By using a schedule, the budding runner scheduled running into their day
A Running Program for All Ages...Bowerman & Harris' book contained running schedules for a variety of starting points

By developing schedules and making running a SCHEDULED EVENT, not only was Bowerman getting new runners to use their muscles; he also got them to tap into this motivation for freedom from sedentary life. In following a schedule that slowly builds in physical challenge, a new runner has a better chance to WILL themselves into physical exercise. Also, a schedule makes running SIMPLE for fitting in one’s daily routine. Bowerman believed new runners did not need to give up anything to take on their new running program. As he stated, “You can grow fit without greatly changing your personal habits. Within reason, you can still eat what you like . . . take a drink. Remember only that good sense is the best guide to healthful living.” 

Another important feature, new runners were given the chart below with the following directions: “Check off each day’s jogging, and this chart will be a reminder to keep your workout schedule, as well as yourself, in good shape. Check it daily.” Therefore, this checklist made the runner SELF-ACCOUNTABLE. Before your eyes get too wide by running being a DAILY EVENT, the schedules follow a hard day - easy day sequence. For instance, after a hard day with a run, Bowerman had new runners taking an easy day of stretching and brisk walking for 10 - 15 minutes. 

A Route to Make Running a Reliable Form of Exercise...In addition to a schedule, using a checklist makes the runner personally accountable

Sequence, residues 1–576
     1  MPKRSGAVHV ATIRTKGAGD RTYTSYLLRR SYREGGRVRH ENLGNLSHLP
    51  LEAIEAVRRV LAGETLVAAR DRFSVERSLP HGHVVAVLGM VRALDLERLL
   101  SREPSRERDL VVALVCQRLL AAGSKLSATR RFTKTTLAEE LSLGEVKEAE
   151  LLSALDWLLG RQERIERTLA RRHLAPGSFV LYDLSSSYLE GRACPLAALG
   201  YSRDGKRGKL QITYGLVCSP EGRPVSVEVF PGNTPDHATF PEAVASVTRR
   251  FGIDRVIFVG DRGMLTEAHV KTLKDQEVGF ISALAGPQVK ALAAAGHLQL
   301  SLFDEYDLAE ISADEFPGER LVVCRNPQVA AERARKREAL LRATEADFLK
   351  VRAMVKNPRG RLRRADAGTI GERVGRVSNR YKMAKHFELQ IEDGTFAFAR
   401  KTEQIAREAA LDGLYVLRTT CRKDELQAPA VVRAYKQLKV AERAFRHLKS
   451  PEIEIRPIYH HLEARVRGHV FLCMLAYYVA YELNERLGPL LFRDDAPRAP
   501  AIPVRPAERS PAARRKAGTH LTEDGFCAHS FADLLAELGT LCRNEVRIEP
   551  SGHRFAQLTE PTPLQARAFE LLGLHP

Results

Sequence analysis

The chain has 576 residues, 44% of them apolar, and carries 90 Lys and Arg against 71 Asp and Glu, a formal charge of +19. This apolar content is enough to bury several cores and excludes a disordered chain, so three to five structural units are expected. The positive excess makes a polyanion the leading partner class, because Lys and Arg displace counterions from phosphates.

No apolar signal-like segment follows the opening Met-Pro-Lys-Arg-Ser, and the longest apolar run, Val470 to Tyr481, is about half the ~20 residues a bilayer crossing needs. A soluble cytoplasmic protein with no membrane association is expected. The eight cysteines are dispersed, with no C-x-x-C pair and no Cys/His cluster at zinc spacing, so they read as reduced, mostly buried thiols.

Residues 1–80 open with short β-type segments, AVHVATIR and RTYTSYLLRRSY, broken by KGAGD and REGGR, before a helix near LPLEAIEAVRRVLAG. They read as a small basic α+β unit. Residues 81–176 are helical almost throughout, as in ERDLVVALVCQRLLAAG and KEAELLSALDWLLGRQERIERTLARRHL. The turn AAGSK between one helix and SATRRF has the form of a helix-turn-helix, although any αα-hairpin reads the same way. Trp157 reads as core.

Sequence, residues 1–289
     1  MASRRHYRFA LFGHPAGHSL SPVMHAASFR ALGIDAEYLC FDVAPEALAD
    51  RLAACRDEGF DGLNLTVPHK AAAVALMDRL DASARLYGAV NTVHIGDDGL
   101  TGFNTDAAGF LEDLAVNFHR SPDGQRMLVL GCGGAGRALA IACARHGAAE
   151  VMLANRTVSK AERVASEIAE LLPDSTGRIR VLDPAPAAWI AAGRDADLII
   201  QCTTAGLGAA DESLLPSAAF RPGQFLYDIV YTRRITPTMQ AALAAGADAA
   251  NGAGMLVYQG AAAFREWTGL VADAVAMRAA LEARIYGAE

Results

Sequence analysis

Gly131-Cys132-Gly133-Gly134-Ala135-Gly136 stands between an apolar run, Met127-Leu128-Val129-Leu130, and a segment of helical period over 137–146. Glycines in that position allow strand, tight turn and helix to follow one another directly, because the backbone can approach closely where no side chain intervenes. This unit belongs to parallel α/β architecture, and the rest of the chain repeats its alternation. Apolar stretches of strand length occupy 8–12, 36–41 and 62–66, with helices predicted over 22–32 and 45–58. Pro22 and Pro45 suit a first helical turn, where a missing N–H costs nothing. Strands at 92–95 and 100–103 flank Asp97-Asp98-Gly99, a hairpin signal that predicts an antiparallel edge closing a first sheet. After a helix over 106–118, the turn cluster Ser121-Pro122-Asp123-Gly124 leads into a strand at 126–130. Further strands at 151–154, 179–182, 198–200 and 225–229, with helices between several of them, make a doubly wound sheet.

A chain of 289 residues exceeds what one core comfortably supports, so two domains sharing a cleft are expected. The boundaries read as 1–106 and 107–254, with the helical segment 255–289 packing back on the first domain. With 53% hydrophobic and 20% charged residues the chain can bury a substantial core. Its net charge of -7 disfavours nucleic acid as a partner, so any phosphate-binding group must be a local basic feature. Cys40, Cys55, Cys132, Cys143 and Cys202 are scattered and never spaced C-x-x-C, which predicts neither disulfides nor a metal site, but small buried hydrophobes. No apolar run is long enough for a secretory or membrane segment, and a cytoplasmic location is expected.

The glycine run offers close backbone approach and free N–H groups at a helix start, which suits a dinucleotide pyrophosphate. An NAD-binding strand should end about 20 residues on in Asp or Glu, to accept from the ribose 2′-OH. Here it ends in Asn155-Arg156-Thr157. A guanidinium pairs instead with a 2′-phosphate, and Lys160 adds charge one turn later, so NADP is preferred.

These schedules Bowerman developed for new runners were based on adapted versions of track workouts given to university runners. For instance, like his university runners, Bowerman assigned intervals to do, albeit adapted. With schedules containing different runs, new runners were encouraged to embrace variety. In addition, variety of location is important to practice running, as stated in his book, “Jog right out the door, jog in a schoolyard, on a city street, at the beach, on a country road, or a vacant lot. Jog down a bicycle path, on a school track, around a golf course, through a park, in a backyard, in a gymnasium, in a supermarket parking lot – anywhere.” As a result, a running habit is encouraged through VARIETY in training schedule, setting, and terrain.

Bill Bowerman’s efforts to make running a reliable routine for adults provides several key ingredients for starting a running habit:
- Running needs to be a DAILY EVENT that is SCHEDULED into the runner’s day;
- Even on EASY DAYS, the runner is doing something to get ready for the next run;
- The running schedule is SIMPLE to fit into a daily routine and new runners did not need to give up anything to take on their new running program. 
- The runner is PERSONALLY ACCOUNTABLE when following this schedule.
- The schedule should include a VARIETY of runs, locations, and terrains.
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Comments

Link to live event video on 'Starting a Running Habit'... https://www.facebook.com/watch/?v=342181780565600

As mentioned in the video, Bill Bowerman's running schedule was:
Monday: Run 4 minutes, walk to recover. Repeat 6 times.
Tuesday: Stretching exercises, 5 to 10 minutes brisk walk.
Wednesday: New Zealand Fartlek, 20 minutes.
Thursday: Stretching exercises, 5 to 10 minute walk.
Friday: Run 8 minutes, walk to recover, repeat twice. Run 4 minutes, walk to recover.
Saturday: Long easy run
Sunday: rest.